Sadly, I think Evan Davis genuinely thinks he is doing the right thing.

    The principle of presenting competing views is more important than any single cause.

    • forthurst
      Posted August 25, 2012 at 8:56 pm | Permalink

      “The BBC believes that allowing non mainstream views to be aired is dangerously irresponsible.”

      So the MSM should not broadcast views that it does not broadcast? Presumably to prevent them becoming mainstream?

      “I think the editors and directors see their role as informing the public responsibly.”

      I had no idea that ‘informing…reponsibly’ was synonymous with ‘grooming’.

      By bending so far over backwards to fair to the BBC, you are in danger of toppling. They really don’t deserve the benefit of the doubt. Their behaviour is simply not that ambiguous.

  24. Terry
    Posted August 25, 2012 at 10:53 am | Permalink

    As a householder, I have no debts.
    I used to have, when the interest rate on my mortgage shot up to 15%. My lender, strangely enough, would not allow me to borrow anymore to cover the extra interest payment but my Father did and it was he who bailed us out.

    Therefore, it is mind boggling for me to watch as the BoE creates money from air to lend out as a loan to the Banks who, themselves are deeply in debt from home mortgage defaults to dodgy EU loans. They are merely using the cheap money to cover their losses. They are not helping the economy. Borrowing for investment is one thing, borrowing to cover outstanding debt, is another and much more sinister. Deflation and Depression will be the result.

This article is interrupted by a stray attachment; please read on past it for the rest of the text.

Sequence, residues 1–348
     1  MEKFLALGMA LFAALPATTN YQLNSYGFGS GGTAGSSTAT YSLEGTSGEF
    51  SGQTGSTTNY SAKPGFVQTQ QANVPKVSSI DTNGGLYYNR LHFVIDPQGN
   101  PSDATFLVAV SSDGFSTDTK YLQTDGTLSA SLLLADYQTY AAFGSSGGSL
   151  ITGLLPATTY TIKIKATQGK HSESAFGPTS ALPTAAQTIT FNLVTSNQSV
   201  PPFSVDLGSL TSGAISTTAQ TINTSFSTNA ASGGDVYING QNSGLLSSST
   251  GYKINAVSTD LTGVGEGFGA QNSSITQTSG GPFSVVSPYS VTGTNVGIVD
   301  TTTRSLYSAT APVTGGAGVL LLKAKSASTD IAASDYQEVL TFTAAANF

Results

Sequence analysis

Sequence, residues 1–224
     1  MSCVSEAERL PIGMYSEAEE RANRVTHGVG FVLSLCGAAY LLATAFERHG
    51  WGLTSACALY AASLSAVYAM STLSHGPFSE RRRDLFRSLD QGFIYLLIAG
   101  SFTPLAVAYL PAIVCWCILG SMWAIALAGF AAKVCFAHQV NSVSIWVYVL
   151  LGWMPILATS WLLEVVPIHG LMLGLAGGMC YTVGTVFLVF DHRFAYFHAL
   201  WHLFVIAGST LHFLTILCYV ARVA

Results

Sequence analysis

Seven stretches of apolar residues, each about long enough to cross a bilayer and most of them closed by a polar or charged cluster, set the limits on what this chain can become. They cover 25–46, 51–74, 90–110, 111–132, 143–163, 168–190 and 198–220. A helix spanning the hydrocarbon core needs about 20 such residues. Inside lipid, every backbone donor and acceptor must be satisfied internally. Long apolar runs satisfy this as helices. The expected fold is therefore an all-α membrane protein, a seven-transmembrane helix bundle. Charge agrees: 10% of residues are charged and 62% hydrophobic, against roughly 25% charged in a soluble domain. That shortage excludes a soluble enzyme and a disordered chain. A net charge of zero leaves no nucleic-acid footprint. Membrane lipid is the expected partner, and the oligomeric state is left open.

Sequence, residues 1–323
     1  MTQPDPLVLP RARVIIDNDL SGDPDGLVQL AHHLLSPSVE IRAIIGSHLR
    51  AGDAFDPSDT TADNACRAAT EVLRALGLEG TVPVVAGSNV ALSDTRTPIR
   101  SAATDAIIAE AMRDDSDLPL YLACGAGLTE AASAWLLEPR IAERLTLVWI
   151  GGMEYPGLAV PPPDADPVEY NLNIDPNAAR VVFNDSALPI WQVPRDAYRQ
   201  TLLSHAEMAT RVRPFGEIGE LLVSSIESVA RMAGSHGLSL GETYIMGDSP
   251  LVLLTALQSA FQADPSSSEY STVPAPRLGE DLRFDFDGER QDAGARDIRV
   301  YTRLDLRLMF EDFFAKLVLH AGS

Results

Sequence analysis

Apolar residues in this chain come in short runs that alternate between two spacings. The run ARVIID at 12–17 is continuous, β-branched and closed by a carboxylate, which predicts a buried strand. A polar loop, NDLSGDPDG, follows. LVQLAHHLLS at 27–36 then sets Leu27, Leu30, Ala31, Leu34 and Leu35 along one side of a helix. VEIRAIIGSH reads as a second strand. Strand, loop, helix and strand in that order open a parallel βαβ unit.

25. Matthew
    Posted August 25, 2012 at 11:02 am | Permalink

    Sometimes Mr Cameron must wonder why government spending today, after accounting for inflation, is about 50% greater than it was ten years ago.

    Back then public services didn’t seem so bad.

  26. Terry
    Posted August 25, 2012 at 11:39 am | Permalink

    Growth. What is “growth”? Is it depicted by a rise in GDP? Isn’t GDP a measure of purchases rather than products manufactured and sold? And aren’t the Public Sector purchases included within the GDP? So, that being the case, I can see where this woman is coming from. If the Government stops borrowing to spend and cuts back on its existing spending programme, GDP is bound to fall. However, it it maintains its spending programme and borrows more to spend more, GDP will rise. Hallelujah! Problem solved by the IMF.

    Isn’t it time we dumped GDP and replaced it with an index based on the P/L of GB plc? Clearly, GDP is a tool that Governments can manipulate for their own ends and therefore, is not providing us with a true picture of the finances of the nation.

  27. sm
    Posted August 25, 2012 at 12:20 pm | Permalink

    Cancelling the debt or not, is smoke and mirrors. Who do you think it will fool?

    QE and government debt cant be talked about without looking at exchange rates and trade imbalances.

    The change in the value of the fiat currency is the price paid! Anyone notice.

    Power companies have announced price increases ( as we are still fossil fuel dependent in a global price setting world). Meanwhile gold is being used more to fund trade deals.